Attics and Canals

What a busy time. After Guernsey we went to help Mum empty her attic. My family have farmed under Glastonbury Tor for 4 generations, and over 100 years. Over that time you can imagine that the attic contained a vast array of stuff. Some of it not examined for many years. We spent a few days passing everything down through the hatch and fortunately the weather was brilliant so we could take it straight outside to sort and dust before deciding whether it was to be taken to the charity shop, the dump, burnt or kept. Our work resulted in the local Hospice charity shop benefiting hugely with amongst other things some lovely, if not dated, crockery and piles of books. All those ‘useful’ half full pots of paint, the particularly useful box of broken glass, old carpets and other sundry, very old and unsafe, electrical items found the way to the tip and we had several large bonfires with boxes of items long since despatched. We did find some lovely things like my Grandmothers cheese making certificates, postcard collections, some precious photos and my mums childhood lead farm complete with a whole set of animals. The attic is now empty and hoovered.

Last Friday we then set off for Crick Boat Show and narrow boat festival.

ImageOne of our long held plans for retirement was to find ourselves a canal boat to travel all the navigable connected waterways, but the search continued some two years after we started looking. This year we were off to the show for all three days in our camper van to see what we could find. We had a splendid time setting up in the sun before the rain started and it did get a bit muddy. Good job we’d included the wellies. We looked at loads of gorgeous boats, at a range of different prices, enjoyed being entertained by Toyah Willcox, Sean Cannon and Murphy’s Marbles, Big O and Wilburys Tribute Show and were challenged by a very full and comprehensive beer list! Those readers concerned about our health will be reassured to know that they ran low on supplies before we got to try them all!!

Image

On Sunday, we went to view ‘Speedy Whippet’, a narrowboat built by Aqua Narrowboats. We loved the fit and feel and asked if they happened to have any second hand ones. Alex, the owners son, explained about ‘Eunoia’. Five years old, reverse lay out, cross bed, same sort of style and quality as the ‘Speedy Whippet’, for sale as the owners were having a new one built, bigger to accommodate more grandchildren. We spoke to Justin the owner of Aqua Narrowboats who confirmed everything Alex had said and then pointed out that the owners of ‘Eunoia’ were just over there – pointing to the land. We had a hasty introduction to Mel and Pete and found out that we lived a mere 13 miles apart. Mel gave us a good briefing on ‘Eunoia’ and described her, their travels and Aqua Narrowboats with much love, before we arranged to go and view her the next day. What a set of circumstances that all fitted together to make us feel that this was meant to be.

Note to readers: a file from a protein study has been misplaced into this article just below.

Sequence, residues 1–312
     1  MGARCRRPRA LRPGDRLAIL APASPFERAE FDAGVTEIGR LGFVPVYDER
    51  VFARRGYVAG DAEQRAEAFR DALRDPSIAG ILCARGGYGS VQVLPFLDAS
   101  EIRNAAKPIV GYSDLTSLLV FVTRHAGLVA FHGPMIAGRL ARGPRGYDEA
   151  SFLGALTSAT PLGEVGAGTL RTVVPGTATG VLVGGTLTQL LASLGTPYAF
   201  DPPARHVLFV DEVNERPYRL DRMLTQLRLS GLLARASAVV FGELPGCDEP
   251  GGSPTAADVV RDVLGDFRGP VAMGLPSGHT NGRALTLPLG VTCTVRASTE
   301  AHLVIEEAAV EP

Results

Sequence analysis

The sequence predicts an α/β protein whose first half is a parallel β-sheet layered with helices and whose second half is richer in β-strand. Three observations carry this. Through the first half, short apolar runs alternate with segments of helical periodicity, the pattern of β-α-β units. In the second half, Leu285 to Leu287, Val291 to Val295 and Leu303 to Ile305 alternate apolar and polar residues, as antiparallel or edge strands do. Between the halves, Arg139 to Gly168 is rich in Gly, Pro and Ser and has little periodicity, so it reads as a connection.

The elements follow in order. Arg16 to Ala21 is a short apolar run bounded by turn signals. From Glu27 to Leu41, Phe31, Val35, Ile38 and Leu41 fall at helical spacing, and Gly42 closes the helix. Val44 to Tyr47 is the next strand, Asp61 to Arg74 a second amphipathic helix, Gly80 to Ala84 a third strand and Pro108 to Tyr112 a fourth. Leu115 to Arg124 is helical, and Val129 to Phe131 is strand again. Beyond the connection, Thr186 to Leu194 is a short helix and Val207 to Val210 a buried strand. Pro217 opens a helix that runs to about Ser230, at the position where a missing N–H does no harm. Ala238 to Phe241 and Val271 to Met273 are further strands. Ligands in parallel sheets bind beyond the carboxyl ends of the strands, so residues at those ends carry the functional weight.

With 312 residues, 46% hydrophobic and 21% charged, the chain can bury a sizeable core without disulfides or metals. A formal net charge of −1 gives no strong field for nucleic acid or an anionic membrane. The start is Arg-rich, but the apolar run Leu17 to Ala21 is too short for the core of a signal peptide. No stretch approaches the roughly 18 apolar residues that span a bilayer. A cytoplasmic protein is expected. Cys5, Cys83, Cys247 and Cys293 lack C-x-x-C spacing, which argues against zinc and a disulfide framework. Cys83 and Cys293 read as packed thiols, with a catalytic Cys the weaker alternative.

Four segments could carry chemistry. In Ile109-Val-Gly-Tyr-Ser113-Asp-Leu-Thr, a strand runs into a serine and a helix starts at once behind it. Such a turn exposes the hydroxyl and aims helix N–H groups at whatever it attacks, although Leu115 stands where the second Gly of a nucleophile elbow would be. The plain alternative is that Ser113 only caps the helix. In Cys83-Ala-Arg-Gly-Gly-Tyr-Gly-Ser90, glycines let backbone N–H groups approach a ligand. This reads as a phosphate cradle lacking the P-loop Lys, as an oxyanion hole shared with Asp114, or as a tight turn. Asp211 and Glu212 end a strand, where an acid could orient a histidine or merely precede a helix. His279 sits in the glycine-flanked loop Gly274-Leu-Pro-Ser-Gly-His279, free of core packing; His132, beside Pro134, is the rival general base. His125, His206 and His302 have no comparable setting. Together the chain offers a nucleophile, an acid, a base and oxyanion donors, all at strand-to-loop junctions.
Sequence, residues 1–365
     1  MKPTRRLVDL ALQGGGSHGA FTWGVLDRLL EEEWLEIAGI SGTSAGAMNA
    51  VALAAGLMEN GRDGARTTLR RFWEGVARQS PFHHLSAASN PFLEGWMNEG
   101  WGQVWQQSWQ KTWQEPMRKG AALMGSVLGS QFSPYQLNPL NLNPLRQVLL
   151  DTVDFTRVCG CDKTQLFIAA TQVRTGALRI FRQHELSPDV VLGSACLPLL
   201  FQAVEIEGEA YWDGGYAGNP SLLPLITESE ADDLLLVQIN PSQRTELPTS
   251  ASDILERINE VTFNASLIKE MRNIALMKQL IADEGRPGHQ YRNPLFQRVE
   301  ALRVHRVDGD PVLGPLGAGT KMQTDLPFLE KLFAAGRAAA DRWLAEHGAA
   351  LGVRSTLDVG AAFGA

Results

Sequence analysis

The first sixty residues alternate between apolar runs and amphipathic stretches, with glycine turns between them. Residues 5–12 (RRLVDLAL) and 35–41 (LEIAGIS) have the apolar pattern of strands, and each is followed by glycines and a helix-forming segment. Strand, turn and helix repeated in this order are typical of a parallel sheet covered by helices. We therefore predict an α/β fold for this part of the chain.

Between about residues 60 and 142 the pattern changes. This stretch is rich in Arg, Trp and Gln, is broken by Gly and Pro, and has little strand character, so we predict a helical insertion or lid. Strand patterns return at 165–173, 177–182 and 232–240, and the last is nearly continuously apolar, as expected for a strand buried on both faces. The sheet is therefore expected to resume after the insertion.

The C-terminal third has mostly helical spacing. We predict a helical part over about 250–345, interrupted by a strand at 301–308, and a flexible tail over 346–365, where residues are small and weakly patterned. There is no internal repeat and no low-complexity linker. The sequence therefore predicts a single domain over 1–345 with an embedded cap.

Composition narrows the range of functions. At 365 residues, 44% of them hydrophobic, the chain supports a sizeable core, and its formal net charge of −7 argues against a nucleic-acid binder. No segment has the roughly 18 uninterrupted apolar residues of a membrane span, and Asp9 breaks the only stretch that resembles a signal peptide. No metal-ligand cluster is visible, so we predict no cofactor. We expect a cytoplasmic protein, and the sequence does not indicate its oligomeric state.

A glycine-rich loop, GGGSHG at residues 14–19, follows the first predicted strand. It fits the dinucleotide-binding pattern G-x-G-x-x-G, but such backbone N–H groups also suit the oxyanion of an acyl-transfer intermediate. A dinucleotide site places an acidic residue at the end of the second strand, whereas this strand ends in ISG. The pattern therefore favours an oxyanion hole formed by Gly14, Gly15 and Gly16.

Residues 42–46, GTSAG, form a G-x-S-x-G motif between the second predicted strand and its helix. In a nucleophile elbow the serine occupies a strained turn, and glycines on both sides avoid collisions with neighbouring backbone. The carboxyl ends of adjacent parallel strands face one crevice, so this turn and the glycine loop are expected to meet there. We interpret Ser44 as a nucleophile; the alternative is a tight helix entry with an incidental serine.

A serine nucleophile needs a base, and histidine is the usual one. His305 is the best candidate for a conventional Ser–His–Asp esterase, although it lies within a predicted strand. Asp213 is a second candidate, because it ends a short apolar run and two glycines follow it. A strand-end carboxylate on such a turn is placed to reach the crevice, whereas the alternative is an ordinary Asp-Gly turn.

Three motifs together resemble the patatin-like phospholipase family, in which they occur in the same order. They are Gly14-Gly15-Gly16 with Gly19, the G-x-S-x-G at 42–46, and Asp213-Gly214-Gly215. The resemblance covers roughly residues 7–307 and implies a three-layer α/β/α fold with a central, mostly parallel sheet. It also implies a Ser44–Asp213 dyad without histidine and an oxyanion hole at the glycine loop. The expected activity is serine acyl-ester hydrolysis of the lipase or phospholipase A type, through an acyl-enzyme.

Monday arrived eventually and we got off the camping field without needing to be towed (not sure that those later on in the day will have been so lucky) and made our way to Mercia Marina where we were greeted by Mel. ‘Eunoia’ was just as wonderful as we anticipated and we had great pleasure in agreeing to purchase her. Since then we’ve been welcomed by Mel and Pete as friends, shared dinner together, they’ve gifted us our first pot of Brasso (for all those portholes) and can’t wait to start enjoying the next part of our retirement.

Image‘Eunoia’, which means ‘beautiful thinking’, is the shortest English word to contain all five vowels.

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